With books of his ornate writing
That is to all this land illuminating.
O master dear and reverend father, my master Chaucer, flower of eloquence, mirror of fruitful wisdom, O universal father of knowledge! Alas, that on thy mortal bed thou mightest not bequeath thine excellent prudence! What aileth Death? Alas, why would he slay thee?
Many a servant unto his Lord saith
That all the world speaketh of him honóur,
When the contrary of that is sooth in faith
As for the moré part Youth is rebél
Unto Reasón, and hateth her doctrine.
If those men who to be lovers pretend
Behaved more faithfully and did not lie,
And dreaded to deceive or to offend,
Then women might not choose to pass them by.
But each man's heart's a fickle butterfly
Which can alight on one just a short while.
Can it be wrong in this case to beguile?
Lament for Chaucer -
ALLAS! my worthi maister honorable,
This landes verray tresor and richesse!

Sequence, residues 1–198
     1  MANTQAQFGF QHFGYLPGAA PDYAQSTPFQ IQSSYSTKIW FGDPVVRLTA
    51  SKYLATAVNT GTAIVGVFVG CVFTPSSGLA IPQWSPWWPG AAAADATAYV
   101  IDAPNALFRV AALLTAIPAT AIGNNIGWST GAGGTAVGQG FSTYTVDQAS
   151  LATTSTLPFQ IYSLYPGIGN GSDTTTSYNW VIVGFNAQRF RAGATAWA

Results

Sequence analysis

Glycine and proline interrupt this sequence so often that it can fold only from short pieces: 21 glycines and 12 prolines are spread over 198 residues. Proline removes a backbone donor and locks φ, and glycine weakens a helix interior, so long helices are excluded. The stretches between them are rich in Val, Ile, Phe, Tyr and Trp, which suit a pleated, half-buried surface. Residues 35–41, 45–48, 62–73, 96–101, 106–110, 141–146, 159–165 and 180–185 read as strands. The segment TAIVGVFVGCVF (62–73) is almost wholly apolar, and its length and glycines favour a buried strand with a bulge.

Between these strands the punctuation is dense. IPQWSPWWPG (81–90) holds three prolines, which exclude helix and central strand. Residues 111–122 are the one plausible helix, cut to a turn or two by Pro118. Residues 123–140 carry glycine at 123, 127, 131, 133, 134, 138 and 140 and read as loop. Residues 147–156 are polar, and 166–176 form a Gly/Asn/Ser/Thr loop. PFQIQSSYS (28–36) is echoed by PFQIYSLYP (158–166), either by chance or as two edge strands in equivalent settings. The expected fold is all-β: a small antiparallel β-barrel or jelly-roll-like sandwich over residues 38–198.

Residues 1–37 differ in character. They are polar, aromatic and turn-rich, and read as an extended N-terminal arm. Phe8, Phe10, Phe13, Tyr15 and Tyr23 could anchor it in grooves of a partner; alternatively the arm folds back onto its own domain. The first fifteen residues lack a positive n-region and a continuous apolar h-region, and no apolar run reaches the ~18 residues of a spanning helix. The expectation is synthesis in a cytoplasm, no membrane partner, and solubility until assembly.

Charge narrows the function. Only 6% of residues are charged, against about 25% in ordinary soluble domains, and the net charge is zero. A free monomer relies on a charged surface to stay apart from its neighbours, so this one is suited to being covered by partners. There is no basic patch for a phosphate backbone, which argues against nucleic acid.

Deth by thy deth hath harme irreparable
Unto us doon: hir vengeable duresse
Despoiled hath this land of the swetnesse
Of rethorik; for unto Tullius
Was never man so lyk amonges us.
Also who was hier in philosophie
To Aristotle in our tonge but thou?
The steppes of Virgile in poesie
Thou folwedist eeke, men wot wel ynow.
Thou combre-worlde that the my maister slow--
Wolde I slayn were!--Deth, was to hastyf
To renne on thee and reve the thi lyf...
She myghte han taried hir vengeance a while
Til that sum man had egal to the be;
Nay, lat be that! sche knew wel that this y1e
May never man forth brynge lyk to the,
And hir office needes do mot she:
God bad hir so, I truste as for the beste;
O maister, maister, God thi soule reste!
Prudence, temperance, strengthe, and right, The foure ben vertues principal.